Holocaust survivor will spread message of forgiveness in Manchester
Bethlehem service to commemorate Holocaust Remembrance DayBETHLEHEM — The Bethlehem Hebrew Congregation invites members of the community to attend a Holocaust Remembrance Day service at 4 p.m. Sunday, April 27, in the Bethlehem Hebrew Congregation Synagogue sanctuary, Strawberry Hill Street.
Holocaust Remembrance Day, Yom HaShoah, has been established for community-wide Holocaust remembrance services to honor man's triumph over darkness.
The date of Holocaust Remembrance Day is set each year to correspond with the Hebrew calendar date of Nisan 27, on which Yom HaShoah (Day of Holocaust Remembrance) is commemorated.
For more information, to participate as a reader, and to RSVP, contact Martin Kessel, email@example.com or call 869-5557.
"There were scattered naked corpses of three children. Their bodies were shriveled," Kor said in a phone interview last week. "I made a silent pledge that I am going to do everything in my power to not end up like them on the latrine floor."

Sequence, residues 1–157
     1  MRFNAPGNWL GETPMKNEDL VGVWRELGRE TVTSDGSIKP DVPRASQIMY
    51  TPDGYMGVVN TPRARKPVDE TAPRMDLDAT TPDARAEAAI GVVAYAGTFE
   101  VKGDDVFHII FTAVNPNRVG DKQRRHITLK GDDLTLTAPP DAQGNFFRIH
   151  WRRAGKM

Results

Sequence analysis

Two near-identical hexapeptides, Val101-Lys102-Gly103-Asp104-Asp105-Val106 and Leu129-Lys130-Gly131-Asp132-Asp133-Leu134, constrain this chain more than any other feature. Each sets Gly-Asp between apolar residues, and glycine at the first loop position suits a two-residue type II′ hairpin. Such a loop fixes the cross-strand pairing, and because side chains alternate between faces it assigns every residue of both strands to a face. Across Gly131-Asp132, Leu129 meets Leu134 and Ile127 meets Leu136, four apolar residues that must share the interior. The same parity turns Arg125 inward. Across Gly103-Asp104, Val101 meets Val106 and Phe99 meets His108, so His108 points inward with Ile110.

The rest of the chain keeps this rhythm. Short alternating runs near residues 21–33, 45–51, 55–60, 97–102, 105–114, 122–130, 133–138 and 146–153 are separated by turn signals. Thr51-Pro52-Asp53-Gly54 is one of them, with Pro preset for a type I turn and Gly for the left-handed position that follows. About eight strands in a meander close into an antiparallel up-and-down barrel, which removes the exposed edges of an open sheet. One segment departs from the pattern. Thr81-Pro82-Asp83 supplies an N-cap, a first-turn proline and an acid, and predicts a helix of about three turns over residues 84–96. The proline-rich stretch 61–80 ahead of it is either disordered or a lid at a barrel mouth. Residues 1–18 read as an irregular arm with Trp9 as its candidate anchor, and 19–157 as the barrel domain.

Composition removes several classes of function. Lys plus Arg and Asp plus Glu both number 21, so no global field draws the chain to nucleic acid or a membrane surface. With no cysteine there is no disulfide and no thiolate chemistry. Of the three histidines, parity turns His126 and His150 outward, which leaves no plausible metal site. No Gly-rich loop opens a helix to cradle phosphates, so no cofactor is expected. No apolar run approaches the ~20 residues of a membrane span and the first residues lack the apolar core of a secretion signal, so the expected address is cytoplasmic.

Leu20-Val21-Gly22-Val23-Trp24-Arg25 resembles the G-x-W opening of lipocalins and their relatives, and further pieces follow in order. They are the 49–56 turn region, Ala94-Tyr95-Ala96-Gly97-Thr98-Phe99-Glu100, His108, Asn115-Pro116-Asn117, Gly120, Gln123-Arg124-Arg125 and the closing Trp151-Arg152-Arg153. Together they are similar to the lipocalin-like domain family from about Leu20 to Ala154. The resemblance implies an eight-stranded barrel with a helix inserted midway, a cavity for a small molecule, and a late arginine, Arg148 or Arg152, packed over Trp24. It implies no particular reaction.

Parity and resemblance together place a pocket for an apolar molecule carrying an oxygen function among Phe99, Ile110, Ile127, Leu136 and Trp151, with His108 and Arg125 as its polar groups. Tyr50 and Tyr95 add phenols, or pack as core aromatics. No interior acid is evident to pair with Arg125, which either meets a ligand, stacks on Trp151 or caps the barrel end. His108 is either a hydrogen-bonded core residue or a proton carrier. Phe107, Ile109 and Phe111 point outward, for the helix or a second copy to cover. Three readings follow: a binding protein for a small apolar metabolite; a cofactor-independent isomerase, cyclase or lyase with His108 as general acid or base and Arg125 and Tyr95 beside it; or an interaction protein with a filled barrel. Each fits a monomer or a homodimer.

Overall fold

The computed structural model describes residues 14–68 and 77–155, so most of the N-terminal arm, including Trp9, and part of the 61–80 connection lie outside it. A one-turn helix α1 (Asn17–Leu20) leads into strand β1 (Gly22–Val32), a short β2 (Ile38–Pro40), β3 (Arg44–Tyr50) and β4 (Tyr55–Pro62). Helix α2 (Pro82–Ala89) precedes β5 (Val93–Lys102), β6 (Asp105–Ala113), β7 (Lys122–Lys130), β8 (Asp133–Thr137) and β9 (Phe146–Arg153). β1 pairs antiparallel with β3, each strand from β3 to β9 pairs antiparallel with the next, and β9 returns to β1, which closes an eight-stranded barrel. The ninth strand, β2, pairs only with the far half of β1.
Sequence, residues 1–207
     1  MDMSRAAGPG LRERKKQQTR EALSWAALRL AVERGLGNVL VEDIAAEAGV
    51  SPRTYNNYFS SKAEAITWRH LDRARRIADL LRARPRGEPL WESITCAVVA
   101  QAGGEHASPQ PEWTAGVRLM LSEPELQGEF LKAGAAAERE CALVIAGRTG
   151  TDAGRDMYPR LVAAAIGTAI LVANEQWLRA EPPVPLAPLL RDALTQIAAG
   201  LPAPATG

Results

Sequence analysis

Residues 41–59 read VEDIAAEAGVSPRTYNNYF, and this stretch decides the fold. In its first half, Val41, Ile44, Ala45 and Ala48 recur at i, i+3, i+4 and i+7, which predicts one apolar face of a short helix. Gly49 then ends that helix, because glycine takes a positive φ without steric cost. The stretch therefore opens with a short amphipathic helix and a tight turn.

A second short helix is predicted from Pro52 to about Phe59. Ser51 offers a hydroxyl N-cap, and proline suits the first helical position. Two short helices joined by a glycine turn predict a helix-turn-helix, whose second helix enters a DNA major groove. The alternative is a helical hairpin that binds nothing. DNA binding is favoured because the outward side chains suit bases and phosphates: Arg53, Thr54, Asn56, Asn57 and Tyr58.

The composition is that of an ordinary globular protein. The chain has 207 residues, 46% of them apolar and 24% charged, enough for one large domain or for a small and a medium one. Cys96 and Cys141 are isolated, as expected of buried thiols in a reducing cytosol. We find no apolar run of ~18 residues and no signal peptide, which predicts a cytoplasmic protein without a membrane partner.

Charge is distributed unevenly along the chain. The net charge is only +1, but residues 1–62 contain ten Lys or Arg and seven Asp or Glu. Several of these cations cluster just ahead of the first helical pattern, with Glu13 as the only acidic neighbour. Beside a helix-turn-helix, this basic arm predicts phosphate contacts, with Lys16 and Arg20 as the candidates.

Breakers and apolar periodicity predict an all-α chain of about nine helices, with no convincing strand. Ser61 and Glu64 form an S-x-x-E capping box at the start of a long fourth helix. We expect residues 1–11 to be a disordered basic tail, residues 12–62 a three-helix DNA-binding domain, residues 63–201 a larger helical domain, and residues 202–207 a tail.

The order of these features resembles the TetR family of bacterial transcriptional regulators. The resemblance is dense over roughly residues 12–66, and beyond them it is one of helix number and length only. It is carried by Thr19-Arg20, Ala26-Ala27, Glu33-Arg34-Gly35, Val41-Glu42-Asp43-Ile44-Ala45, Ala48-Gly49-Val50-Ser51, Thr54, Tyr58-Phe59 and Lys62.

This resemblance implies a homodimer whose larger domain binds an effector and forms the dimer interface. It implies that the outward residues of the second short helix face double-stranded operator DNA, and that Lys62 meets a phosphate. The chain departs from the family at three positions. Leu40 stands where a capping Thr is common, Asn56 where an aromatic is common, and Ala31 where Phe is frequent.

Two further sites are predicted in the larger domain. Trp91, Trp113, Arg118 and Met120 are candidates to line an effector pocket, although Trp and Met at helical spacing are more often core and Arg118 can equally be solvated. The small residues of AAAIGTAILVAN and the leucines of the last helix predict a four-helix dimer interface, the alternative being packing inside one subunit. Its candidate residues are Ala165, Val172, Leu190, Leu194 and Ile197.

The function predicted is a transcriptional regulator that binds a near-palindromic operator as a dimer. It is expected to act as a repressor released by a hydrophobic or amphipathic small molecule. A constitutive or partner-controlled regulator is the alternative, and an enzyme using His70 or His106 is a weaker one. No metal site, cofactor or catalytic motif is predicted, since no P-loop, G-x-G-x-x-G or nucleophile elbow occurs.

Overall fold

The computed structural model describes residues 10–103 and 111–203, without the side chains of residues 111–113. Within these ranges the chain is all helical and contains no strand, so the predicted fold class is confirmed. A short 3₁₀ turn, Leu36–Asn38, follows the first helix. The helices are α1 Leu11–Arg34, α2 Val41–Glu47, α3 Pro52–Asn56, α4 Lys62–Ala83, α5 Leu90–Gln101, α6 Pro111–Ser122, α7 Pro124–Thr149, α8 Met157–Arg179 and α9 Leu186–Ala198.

Her talk will be part of Yom HaShoah, or Holocaust and Heroism and Remembrance Day, at Temple Israel, 66 Salmon St. The service will begin at 6:30 p.m., with Kor expected to begin her presentation at 7 p.m. Attendance is free.
The sisters were taken to Auschwitz at the age of 10, where Dr. Josef Mengele used them for medical experiments. Both survived, but Miriam died in 1993 when she developed cancer of the bladder as a consequence of the experiments done to her as a child.
"Now we talk and Skype together," said Der Koorkanian. "I had an open house here for the Manchester Historic Association, and a reverend from Brookside Church was here and we started talking. I suggested Kor be brought here to talk about what happened."
"My father said as long as you say your prayers, did the good deeds that God wanted you to do, the Nazis won't come here looking for six Jews," said Kor, during a phone interview last week from her home in Indiana.
Kors' pledge to survive was tested throughout her captivity by Dr. Josef Mengele, the "Angel of Death" of Auschwitz.
Mengele performed experiments on his victims, studying the effects of drugs and poisons on twins, using one as a human guinea pig, the other as a control specimen.
"I made a pledge that I refused to die," said Kor. "I spoiled their experiment because I survived."
"I have personally experienced the act of forgiveness that gave me my emotional freedom. No human being can be free — emotionally free and mentally free — without forgiving people who have wronged them," Kor said. "I want to change that old phrase from 'forgive and forget' to 'forgive and heal' because we should never forget.''
"It's important to hear from people like Kor because they are dying," said Der Koorkanian. "This story should be passed on, to make sure it never happens again."
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